John Lennon imagined a world without many things, but not a world without graphic designers. He had bigger fish to fry, but the truth is that it’s not that hard because the idea of a graphic designer is essentially a 20th Century development. Before that, design was part and parcel of the printing process – it was not even itemised on a printer’s bill. A magnificent new book by David Jury aims to bridge the gap between histories of printing which tend to overlook the so-called jobbing elements of the trade, and the histories of graphic design which tend to begin around the turn of the last century.
Graphic Design Before Graphic Designers is a beautiful look at the unsung heroes of the trade and the handbills, adverts and packaging they produced. It celebrates many sadly anonymous designers as well as those like Bodoni, William Morris and Oscar Harpel who pioneered graphic design before it was really called that.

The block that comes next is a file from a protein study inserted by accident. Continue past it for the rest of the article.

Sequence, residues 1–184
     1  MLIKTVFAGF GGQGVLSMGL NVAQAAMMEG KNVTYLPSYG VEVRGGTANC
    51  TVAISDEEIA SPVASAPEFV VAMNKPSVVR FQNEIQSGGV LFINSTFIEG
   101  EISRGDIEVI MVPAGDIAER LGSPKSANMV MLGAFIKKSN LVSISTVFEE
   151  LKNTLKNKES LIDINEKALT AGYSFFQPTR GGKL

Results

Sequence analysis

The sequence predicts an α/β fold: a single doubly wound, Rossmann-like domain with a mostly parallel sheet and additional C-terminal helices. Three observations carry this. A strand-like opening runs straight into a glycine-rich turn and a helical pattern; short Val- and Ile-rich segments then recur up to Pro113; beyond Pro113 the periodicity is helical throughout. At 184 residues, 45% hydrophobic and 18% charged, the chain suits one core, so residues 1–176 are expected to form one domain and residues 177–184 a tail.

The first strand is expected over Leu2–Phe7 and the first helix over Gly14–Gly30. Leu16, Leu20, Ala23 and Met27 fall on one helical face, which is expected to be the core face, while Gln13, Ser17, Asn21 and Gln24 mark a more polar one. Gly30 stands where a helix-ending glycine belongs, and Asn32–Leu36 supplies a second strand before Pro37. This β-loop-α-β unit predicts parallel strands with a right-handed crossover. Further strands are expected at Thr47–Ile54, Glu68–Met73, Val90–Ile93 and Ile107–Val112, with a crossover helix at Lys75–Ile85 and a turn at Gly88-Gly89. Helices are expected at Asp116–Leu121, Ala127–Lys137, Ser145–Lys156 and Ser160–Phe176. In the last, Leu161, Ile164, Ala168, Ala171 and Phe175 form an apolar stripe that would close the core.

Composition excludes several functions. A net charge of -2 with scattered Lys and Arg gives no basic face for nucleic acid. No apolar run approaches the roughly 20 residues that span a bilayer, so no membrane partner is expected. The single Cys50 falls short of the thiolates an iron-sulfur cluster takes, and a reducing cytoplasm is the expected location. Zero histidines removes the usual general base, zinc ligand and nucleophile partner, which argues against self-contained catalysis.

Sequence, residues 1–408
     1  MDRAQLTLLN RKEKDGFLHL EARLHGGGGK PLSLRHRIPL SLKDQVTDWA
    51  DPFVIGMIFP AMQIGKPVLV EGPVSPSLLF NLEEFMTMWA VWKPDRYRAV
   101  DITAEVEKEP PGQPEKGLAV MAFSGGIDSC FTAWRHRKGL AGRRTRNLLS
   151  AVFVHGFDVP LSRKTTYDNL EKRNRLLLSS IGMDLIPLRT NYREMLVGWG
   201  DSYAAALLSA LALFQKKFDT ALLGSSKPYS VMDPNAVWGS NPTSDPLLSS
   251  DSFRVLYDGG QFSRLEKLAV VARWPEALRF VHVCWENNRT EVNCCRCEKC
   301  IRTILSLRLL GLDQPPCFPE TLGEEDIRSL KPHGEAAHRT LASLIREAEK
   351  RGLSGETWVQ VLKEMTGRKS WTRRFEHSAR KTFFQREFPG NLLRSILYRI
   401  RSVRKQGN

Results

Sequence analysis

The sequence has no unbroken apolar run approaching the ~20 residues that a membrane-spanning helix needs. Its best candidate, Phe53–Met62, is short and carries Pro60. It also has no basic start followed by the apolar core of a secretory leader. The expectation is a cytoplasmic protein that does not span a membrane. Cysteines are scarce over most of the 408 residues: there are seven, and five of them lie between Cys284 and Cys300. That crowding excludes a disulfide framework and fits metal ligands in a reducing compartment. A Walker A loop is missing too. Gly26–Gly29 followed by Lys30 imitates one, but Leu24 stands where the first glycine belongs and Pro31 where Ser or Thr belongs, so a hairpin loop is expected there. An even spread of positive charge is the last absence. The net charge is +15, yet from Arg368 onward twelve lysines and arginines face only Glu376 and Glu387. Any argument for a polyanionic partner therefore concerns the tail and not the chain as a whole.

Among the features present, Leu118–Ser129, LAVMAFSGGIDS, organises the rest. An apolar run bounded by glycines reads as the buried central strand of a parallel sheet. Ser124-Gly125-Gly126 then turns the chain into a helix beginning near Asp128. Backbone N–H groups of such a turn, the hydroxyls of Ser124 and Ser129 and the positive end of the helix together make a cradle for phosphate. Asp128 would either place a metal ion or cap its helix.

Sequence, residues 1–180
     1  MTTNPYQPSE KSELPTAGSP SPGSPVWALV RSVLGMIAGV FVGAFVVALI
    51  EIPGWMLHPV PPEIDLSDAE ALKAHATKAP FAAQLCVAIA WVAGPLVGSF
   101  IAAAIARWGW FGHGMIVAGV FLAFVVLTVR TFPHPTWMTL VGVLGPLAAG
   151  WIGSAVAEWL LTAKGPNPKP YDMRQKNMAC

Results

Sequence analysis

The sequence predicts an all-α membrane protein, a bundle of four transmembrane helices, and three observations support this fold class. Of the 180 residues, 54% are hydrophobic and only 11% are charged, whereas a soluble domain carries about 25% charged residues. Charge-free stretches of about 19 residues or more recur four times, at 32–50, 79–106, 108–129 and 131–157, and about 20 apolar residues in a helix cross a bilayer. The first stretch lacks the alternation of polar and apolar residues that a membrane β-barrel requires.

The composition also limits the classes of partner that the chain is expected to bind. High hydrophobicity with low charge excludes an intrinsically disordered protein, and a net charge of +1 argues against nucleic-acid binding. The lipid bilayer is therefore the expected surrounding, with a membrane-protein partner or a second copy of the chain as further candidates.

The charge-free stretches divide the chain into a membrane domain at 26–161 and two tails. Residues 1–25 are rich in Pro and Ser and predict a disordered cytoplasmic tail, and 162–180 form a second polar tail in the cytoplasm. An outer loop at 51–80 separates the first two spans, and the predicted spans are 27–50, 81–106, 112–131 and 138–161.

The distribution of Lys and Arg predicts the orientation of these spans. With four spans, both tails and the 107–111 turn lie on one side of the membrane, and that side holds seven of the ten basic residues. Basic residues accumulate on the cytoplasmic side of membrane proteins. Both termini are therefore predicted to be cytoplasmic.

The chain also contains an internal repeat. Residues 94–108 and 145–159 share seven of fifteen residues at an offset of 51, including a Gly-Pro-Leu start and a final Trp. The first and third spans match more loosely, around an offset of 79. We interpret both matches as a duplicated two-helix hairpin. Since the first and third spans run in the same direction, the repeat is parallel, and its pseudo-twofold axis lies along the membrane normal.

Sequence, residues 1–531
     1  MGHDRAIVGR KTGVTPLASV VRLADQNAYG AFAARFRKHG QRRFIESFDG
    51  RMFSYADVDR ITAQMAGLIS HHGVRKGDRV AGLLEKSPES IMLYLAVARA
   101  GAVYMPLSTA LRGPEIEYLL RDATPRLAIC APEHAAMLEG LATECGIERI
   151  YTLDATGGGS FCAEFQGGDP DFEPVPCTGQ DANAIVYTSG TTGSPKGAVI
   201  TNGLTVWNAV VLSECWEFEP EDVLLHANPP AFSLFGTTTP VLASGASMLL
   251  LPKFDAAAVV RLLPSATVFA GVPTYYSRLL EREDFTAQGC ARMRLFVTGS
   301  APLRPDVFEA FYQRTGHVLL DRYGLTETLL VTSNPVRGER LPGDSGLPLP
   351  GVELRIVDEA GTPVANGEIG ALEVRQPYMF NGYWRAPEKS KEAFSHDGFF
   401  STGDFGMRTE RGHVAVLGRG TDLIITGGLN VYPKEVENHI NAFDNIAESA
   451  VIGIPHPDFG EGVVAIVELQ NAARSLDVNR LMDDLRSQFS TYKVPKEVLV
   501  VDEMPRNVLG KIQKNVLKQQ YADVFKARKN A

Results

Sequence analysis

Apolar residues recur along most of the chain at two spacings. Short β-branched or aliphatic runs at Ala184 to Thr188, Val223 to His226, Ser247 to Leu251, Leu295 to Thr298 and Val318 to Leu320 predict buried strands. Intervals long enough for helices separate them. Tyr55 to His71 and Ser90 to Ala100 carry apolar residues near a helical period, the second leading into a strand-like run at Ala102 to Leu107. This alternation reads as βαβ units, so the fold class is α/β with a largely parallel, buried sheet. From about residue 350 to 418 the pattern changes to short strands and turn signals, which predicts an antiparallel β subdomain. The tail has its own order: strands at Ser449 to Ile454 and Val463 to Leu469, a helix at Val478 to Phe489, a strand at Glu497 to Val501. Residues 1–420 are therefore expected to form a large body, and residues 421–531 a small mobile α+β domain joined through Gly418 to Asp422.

It certainly supports the quotation from Dr Jonathan Miller that ends the book’s introductory essay: “It is in the negligible that the considerable is found.”
Graphic Design Before Graphic Designers, published by Thames and Hudson is available now.
- Punk, printing, photography and type - February's Nicer Tuesdays tickets are now on sale!
- Gender politics, feminism and Kanye West – the world according to Vanessa Beecroft
- First Dates for those who create: London agency Form on their working relationship
- Air-brushed psychedelia and neon lights abound in Robert Beatty’s new work
- Jack Davison shoots parrots with PTSD for The New York Times Magazine
- Graphic design work to challenge and empower the reader
- Racy photography from the new issue of Odiseo
- How to beat creative block: one designer offers his invaluable advice
- Bureau Mirko Borsche works with Nike Basketball on a new graphic language
- Meditation and creativity: should we believe the hype?
- VSCO develops new typeface and a symbol-based language as part of its rebrand
- More salaciously surreal illustrations from French duo Mrzyk & Moriceau